Remember that enormous flood in central Michigan last week? The flood ripped through several towns laying waste to everything in its path. In the middle of this mess was a shop and museum called Fieros Forever. Owner Tim Evans lost almost everything in the floods. What was able to be recovered is now available. For free. Yep, this massive hoard of Pontiac Fiero cars and parts is available for free; come and get ‘em.
The Sanford, Michigan, shop, and museum were totally destroyed. Cars were strewn about looking like toys. When the dam broke loose upstream a massive wall of water tore through Evans’ building. He had been able to save a few cars and items but the majority of the building’s contents were completely wiped out.
You can see the destruction and also the Fiero parts and cars were strewn around
Even Evans’ building was extensively damaged when the remnants of a building upstream broke loose and crashed into the shop. From the images, you can see the destruction and also the parts and cars were strewn around.
The Pontiac Fiero was originally created as a mid-engine “commuter car” in 1984. It was unique by General Motors standards because it was a free-standing vehicle under the body panels. The plastic panels did not affect the integrity of the car. The idea was to be able to replace and update the car fairly cheaply because the fenders, door skins, etc., could be removed and replaced easily.
Many of the Fiero’s suspension and chassis components came from other cars like the Chevy Chevette and X-cars
Originally available with a crappy 2.5-liter “Iron Duke” four-cylinder engine, Pontiac started offering it with a V6 in 1985. Many of its suspension and chassis components came from other cars like the Chevy Chevette and X-cars to save development and tooling costs. So handling and performance never entered the equation.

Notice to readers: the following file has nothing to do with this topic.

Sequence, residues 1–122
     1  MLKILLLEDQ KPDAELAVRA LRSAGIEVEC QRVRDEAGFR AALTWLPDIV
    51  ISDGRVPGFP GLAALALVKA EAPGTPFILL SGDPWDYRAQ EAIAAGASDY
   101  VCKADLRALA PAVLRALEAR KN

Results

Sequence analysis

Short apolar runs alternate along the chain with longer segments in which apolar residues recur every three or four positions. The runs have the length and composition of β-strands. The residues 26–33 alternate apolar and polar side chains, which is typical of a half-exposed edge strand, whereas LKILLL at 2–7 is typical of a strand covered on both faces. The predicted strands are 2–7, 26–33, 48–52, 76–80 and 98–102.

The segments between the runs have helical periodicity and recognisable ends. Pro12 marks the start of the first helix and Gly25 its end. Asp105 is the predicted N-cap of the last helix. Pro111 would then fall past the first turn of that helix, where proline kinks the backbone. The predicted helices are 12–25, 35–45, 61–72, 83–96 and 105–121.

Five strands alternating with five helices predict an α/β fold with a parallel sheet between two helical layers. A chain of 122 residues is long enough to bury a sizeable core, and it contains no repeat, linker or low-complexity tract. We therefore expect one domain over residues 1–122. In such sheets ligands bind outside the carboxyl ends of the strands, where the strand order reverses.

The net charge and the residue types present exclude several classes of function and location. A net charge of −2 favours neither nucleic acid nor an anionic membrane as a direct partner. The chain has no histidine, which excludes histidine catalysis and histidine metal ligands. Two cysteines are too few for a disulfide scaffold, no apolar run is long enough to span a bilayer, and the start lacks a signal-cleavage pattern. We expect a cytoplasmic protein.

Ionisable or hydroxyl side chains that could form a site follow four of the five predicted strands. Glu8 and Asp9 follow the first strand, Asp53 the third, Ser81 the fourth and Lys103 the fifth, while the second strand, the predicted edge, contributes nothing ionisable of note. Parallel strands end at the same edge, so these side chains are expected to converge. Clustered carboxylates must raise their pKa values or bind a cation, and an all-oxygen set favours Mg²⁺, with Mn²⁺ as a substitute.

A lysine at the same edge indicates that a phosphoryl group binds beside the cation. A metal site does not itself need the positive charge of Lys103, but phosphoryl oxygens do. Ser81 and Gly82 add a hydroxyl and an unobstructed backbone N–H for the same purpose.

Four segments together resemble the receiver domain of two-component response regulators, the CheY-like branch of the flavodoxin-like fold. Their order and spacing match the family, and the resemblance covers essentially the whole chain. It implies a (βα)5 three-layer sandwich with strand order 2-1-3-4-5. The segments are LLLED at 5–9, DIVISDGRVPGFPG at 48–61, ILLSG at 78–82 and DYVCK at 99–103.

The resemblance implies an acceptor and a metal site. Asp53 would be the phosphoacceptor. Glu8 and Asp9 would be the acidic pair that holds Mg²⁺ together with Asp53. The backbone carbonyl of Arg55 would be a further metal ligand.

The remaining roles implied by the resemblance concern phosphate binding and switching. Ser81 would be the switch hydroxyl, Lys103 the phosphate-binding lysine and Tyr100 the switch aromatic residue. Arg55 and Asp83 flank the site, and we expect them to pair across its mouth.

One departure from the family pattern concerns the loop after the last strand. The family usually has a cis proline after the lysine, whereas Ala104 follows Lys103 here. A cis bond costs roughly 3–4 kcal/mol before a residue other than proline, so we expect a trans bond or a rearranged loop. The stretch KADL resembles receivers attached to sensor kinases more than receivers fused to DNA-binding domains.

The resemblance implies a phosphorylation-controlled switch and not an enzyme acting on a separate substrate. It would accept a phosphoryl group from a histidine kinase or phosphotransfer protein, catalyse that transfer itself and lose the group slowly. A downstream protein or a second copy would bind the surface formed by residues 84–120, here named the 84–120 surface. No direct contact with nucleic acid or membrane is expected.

That was until 1985. With the more powerful V6 and mid-engine layout the comparisons to sports cars drove Pontiac to begin offering the Fiero with better everything. Handling, steering, and even the body were all revised with an eye toward shifting away from an economy car to a full-fledged sports car.
The last Fieros, which were also the best, came and went in 1988
But by then the Fiero had been around for a while and was losing interest to newer and better alternatives. The last Fieros, which were also the best, came and went in 1988. Since then there has been a hardcore following of enthusiasts dedicated to the performance aspects of the Fiero.
The local Michigan Fiero Club has pitched in to separate and save what they could. Much of the cleanup excavated doors, bumpers, wheels, and more from the muck. Tools and vintage advertising were also found. Now all of it will be given away.
From what we understand anything you see on the lawn is free
The Fiero Club said it wanted to see something positive come from the destruction. From what we understand anything you see on the lawn is up for the taking. The only catch is everything needs to be gone by June 2. That’s less than a week away.
A GoFundMe campaign has been started to help out the Evans family. If you’re interested in some of what you see maybe hop onto the site and donate. Then bring a truck and head for central Michigan before June 2. You’ll feel doubly good because you helped with a donation and you got some free stuff for your Fiero project.
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